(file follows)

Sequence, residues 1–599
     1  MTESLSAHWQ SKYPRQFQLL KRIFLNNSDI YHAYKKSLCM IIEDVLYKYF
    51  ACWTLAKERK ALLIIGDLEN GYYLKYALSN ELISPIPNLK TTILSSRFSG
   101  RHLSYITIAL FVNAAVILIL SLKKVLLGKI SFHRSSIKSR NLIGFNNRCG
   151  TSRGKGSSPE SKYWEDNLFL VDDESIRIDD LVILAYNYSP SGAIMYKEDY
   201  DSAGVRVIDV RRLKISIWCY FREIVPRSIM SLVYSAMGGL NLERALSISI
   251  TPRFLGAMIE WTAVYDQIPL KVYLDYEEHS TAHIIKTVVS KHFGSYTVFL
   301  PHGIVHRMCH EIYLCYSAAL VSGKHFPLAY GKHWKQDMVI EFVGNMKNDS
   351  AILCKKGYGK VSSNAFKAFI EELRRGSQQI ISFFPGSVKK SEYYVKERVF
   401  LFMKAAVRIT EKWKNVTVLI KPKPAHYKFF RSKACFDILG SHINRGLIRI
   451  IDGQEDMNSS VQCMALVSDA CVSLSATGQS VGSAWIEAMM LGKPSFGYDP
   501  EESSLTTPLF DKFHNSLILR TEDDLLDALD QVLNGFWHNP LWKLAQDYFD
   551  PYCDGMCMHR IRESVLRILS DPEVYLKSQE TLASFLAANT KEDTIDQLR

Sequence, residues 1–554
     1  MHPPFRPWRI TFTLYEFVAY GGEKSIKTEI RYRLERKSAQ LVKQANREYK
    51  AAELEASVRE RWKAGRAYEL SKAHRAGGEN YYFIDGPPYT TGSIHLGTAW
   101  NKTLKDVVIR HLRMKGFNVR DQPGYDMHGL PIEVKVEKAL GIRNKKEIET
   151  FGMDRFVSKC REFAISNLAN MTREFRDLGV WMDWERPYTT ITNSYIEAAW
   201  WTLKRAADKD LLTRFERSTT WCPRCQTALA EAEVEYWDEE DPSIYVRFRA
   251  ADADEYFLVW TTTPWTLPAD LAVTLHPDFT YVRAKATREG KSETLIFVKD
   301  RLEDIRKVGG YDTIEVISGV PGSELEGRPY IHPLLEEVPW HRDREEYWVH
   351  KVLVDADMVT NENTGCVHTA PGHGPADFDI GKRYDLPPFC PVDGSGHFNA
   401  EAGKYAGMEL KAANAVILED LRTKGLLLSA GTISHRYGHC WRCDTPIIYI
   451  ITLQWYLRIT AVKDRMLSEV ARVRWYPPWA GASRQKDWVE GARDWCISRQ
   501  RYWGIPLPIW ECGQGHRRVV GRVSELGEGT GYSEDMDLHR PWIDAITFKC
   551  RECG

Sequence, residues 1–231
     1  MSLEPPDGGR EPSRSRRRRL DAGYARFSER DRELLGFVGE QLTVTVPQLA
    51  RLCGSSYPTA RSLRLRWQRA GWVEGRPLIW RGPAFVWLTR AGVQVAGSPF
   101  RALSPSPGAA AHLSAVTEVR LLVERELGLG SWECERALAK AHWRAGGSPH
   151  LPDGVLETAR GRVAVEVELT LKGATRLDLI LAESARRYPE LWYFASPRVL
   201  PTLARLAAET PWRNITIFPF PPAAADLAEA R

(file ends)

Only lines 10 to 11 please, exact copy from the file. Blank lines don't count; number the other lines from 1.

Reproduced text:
   401  LFMKAAVRIT EKWKNVTVLI KPKPAHYKFF RSKACFDILG SHINRGLIRI
   451  IDGQEDMNSS VQCMALVSDA CVSLSATGQS VGSAWIEAMM LGKPSFGYDP